- The author's name - the lighting was toned down a bit and the name was off centered, as it was on the first cover. It just works for some reason - so I stuck with it.
- Hair - the hair has been softened and allowed to float a bit more. Now she doesn't look like a greasy crack whore who's been bitten by underwater vampires! ;) At least, I hope!
You want your book to stand out in a crowd, don't you?
I know this topic has been hashed out all over the blog-o-sphere, so why do another blog on the importance of book covers? Because I still get requests for reviews from Indie Authors who's book would never cross my radar in a million years. Why? They are either lacking any sort of cover image or it's not the greatest in the world.
Who am I to judge? Well, I am a reader. I am a person who believes that the cover of a book says a lot about it. I am also an author who got her start with a rushed, not so great, didn't sell well cover! I do realize, as in my own case, that not everyone can afford to plunk down a massive $500+ for a book cover that some of the artists are charging. For that matter, I had trouble scraping together the $50-a couple hundred dollars it would take to get mine done. Times are certainly tough, but I am not without resources! Are you planning on making a career out of being an Indie Author (at least till that elusive publishing deal comes knocking on your door)? Then, either you need to scrape together some cash or you need to pull up a beautiful program like Photoshop (the cheap Photoshop Elements version works great) or Gimp (freeware people - money is no issue here) and start learning! Don't think that you will be designing the word's most clever book covers from the start, but with a little practice you can manage something a little better than a monotone background with some words thrown across it.
Now, I know, I just shocked the hell out of some of you. Make my own book covers? *GASP* Learn yet another program? *SIGH* Where on earth will I find the time to do that too? My question to you is why not take your time and put out beautiful books (both inside and out) so that you actually make money off of them, instead of rushing to put out something no one will buy?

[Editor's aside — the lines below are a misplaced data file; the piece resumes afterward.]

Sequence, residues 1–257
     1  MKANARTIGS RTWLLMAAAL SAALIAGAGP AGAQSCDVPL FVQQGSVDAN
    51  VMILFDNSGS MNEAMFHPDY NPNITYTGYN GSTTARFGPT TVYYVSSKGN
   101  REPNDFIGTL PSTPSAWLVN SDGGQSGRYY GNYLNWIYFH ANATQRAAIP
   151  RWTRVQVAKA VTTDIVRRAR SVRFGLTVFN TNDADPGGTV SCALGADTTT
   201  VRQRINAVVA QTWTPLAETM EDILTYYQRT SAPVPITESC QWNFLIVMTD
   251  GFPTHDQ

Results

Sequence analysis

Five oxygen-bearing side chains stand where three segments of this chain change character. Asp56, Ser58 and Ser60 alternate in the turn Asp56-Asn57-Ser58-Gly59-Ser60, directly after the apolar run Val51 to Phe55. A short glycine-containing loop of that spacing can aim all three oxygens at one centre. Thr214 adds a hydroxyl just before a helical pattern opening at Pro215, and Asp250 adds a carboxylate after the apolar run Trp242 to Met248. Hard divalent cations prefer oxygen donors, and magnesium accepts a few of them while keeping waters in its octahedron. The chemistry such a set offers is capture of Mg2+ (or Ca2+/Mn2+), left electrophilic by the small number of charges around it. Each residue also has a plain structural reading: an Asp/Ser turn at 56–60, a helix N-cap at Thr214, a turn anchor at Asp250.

And while we are on the subject, go peruse through some of the best sellers lists and take a look at what those people, you know - the success ones - have for covers! I don't see many that look like their six year old helped draw the cover, unless of course the book was meant to be read by a six year old. In other words, if you have a hardcore fantasy novel that is geared towards adults - you better come at those adult readers with a cover that is up to par!
Something else to think about before you get started is this: If you have a series or trilogy you may want to think the entire set through as one item! After all, you don't want people to overlook the next book in your series because they couldn't recognize it. Keep the same font, the same basic theme, that darling little yellow bird at the top corner, whatever, so long as readers can easily identify it as a part of the same series!
Another thing to think over is stock photographs. I have seen on many a blog where stock photos should be used sparingly or not at all. Why? Because everyone has access to them and you may end up seeing the same images on several books. This is where I differ in opinion. Those images need never look much alike. I mean, if you are just going to take the stock photo as is and slap it on your book cover and call it good, you may have issues, but with a little finesse, you can take that plain old photo and make it into something amazing! Something, in fact, that if seen on another cover won't even be recognizable as one in the same. Once again, being able to do this will take a little practice. And if you aren't up for the task, find someone who is!
Do you know someone who's great with photo shop and might doctor up an image for you? Even if you toss them a $20 and buy the pizza while they work, it's got to be better than going with what little Susie made in kindergarten last year!
So, I'm done preaching the importance of book covers and I will leave you with my own mishap of a book cover. While my six year old didn't make it, the cover was rushed and didn't sell well. The new cover - thankfully - is selling daily! :D